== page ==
Yugoslav Action

Yugoslav Action (Serbo-Croatian: Jugoslovenska akcija, acronymed JA) was a radical Yugoslav nationalist organization that supported an authoritarian corporatist system and a planned economy,[1] active between 1930 and 1935. During its existence it was the most radical Yugoslavist group.[1] The movement was founded on 7 January 1930 in Belgrade, but was based in both Belgrade (in Serbia) and Zagreb (in Croatia),[2] although mainly developed in Croatia.[3] The movement supported King Alexander's royal dictatorship (declared in 1929).[4] The organization was claimed by others to be fascist, though the party itself denied this.[1] It has been described as one of three notable fascist movements, the other being the Association of Fighters of Yugoslavia and the Yugoslav National Movement, that emerged in Yugoslavia in the 1930s, all of whom supported the monarchy, and would reach their zenith during the Axis occupation of Yugoslavia (1941–45).[4][contradictory] The organization adopted symbols imitating the NSDAP, such as a blue swastika and a raised right hand.[4] It was merged along with other organizations, such as Boj ("Battle") in Slovenia, and groups surrounding the magazines of Zbor ("Council") and Otadžbina ("Homeland") based in Belgrade, and Budjenje ("Awakening") in Zrenjanin, to form the Yugoslav National Movement led by Dimitrije Ljotić in early 1935.[3] The core of the Yugoslav National Movement, also known as "Zbor", was recruited from Yugoslav Action.[5] Zbor played no significant role prior to the German occupation; afterwards, however, it was among the main supporters of the Nazi military administration.[5]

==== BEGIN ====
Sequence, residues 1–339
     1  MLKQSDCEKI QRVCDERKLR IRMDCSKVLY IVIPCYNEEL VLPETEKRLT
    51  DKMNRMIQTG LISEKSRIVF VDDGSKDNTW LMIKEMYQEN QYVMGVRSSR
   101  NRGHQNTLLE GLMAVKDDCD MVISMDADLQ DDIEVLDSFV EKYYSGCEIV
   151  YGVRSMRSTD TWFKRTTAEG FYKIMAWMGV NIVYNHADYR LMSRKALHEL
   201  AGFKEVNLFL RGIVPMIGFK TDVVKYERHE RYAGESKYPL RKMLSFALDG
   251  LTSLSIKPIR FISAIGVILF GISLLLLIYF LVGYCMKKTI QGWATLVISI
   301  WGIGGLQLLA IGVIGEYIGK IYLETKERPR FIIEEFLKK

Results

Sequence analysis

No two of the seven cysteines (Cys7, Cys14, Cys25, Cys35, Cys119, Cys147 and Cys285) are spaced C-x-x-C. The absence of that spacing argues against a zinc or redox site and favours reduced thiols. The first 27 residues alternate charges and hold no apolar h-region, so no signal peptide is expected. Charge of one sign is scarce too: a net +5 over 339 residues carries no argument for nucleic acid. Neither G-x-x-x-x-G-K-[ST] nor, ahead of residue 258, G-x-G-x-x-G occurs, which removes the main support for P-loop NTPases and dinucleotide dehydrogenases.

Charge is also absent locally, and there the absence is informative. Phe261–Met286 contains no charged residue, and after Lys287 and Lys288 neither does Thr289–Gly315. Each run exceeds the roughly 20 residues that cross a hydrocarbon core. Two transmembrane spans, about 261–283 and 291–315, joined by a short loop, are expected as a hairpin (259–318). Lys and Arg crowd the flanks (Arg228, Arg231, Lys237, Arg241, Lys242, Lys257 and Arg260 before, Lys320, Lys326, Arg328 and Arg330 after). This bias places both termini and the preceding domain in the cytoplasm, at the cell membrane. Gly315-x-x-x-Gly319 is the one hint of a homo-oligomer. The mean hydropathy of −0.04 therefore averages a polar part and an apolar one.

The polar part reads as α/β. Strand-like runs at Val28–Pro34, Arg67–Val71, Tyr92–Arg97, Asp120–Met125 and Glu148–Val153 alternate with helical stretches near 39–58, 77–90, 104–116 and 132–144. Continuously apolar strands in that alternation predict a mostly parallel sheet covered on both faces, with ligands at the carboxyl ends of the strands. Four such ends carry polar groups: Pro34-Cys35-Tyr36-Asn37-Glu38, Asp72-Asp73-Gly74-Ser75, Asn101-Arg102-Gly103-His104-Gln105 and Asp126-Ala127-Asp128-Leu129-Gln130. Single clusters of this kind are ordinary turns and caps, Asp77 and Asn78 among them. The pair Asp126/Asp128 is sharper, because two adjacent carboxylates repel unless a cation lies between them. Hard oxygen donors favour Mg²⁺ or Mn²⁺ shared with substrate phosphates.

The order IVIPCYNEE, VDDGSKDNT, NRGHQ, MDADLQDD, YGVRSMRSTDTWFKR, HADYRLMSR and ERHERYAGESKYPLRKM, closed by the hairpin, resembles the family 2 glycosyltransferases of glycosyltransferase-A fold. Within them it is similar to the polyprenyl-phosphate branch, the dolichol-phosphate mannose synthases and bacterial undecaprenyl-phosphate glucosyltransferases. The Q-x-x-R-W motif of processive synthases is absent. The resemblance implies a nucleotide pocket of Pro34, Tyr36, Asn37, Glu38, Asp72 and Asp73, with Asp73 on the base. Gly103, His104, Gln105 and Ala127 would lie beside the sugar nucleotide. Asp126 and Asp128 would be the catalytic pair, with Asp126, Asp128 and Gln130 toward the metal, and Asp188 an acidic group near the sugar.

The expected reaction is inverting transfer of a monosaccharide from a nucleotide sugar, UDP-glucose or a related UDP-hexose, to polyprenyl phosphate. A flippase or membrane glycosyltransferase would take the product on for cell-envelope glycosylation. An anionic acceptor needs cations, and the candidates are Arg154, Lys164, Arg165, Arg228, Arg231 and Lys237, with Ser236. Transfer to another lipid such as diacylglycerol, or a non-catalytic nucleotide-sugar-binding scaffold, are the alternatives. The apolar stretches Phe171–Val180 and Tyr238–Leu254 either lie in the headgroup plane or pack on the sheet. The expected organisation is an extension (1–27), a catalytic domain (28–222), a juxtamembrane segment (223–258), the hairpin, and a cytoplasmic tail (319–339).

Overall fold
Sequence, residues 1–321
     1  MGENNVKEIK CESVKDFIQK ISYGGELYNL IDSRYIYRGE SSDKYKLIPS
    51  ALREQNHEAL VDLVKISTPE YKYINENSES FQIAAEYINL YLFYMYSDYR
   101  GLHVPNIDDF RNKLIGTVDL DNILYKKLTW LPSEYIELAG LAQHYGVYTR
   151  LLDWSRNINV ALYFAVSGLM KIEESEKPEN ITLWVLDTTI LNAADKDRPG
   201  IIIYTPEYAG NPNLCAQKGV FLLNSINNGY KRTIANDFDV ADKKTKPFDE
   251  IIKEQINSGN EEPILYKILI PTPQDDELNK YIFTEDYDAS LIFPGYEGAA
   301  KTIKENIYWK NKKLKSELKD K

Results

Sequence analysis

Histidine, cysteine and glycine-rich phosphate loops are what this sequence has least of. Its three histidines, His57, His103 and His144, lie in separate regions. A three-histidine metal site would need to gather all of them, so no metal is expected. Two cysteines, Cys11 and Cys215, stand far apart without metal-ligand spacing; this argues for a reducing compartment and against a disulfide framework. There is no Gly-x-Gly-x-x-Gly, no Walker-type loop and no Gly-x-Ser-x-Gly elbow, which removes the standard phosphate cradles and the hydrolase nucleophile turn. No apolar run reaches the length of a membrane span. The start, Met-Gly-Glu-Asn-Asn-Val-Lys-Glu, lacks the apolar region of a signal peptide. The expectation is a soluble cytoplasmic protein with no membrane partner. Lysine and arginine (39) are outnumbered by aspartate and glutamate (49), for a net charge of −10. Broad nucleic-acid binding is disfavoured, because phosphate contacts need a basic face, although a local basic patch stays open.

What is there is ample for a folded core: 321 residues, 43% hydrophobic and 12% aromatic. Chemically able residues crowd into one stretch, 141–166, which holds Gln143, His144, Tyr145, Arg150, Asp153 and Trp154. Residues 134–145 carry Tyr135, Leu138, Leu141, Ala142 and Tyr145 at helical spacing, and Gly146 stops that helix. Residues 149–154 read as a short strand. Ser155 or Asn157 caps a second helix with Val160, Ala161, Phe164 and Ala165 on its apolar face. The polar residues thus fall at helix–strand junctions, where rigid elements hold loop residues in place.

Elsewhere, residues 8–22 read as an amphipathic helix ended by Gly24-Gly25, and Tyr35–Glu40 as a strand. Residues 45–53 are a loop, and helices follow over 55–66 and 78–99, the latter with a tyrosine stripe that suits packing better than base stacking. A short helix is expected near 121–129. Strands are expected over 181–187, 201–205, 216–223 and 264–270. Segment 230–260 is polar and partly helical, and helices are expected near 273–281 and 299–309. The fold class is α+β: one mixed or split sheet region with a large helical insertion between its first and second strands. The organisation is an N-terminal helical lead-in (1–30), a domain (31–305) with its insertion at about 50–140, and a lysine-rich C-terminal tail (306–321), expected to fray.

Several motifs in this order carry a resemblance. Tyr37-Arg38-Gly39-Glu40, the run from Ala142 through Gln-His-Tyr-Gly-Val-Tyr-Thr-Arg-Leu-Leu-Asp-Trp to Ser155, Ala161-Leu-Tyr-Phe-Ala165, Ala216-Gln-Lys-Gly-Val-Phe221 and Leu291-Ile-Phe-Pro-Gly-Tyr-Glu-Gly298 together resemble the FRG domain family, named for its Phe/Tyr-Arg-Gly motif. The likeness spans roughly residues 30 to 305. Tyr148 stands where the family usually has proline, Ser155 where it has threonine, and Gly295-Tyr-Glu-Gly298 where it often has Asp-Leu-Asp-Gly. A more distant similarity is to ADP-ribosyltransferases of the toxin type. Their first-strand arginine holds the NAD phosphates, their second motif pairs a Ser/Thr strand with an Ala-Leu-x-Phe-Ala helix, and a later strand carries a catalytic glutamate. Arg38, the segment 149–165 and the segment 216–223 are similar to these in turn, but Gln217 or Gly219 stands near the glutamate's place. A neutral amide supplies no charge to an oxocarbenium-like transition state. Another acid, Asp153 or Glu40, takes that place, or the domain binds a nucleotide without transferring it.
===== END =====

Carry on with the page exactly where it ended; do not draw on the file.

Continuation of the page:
Yugoslav Action
FoundedJanuary 7, 1930 (1930-01-07)
Dissolved1935 (merger)
Merged intoYugoslav National Movement
HeadquartersBelgrade and Zagreb
IdeologyYugoslavism
Corporatism
Yugoslav irredentism
Monarchism
National conservatism
Anti-communism
Political positionRight-wing to far-right

See alsoEdit

ReferencesEdit

  1. ^ a b c Payne 1996, p. 325.
  2. ^ Parežanin 1971, p. 21.
  3. ^ a b Kardelj 1981, p. 52.
  4. ^ a b c Cohen & Riesman 1996, p. 12.
  5. ^ a b Schreiber & Stegemann 1995, p. 322.

SourcesEdit

  • Payne, Stanley G. (1996). A History of Fascism, 1914–1945. University of Wisconsin Pres. ISBN 978-0-299-14873-7.CS1 maint: ref=harv (link)
  • Philip J. Cohen; David Riesman (1996). Serbia's Secret War: Propaganda and the Deceit of History. Texas A&M University Press. pp. 12–. ISBN 978-0-89096-760-7.
  • Ratko Parežanin (1971). Drugi svetski rat i Dimitrije V. Ljotić. Iskra.
  • Gerhard Schreiber; Bernd Stegemann; Detlef Vogel (1995). Germany and the Second World War. Clarendon Press. pp. 322–. ISBN 978-0-19-822884-4.
  • Kardelj, Edvard (1981). Socialist Thought and Practice. 1–7. p. 52.

Further readingEdit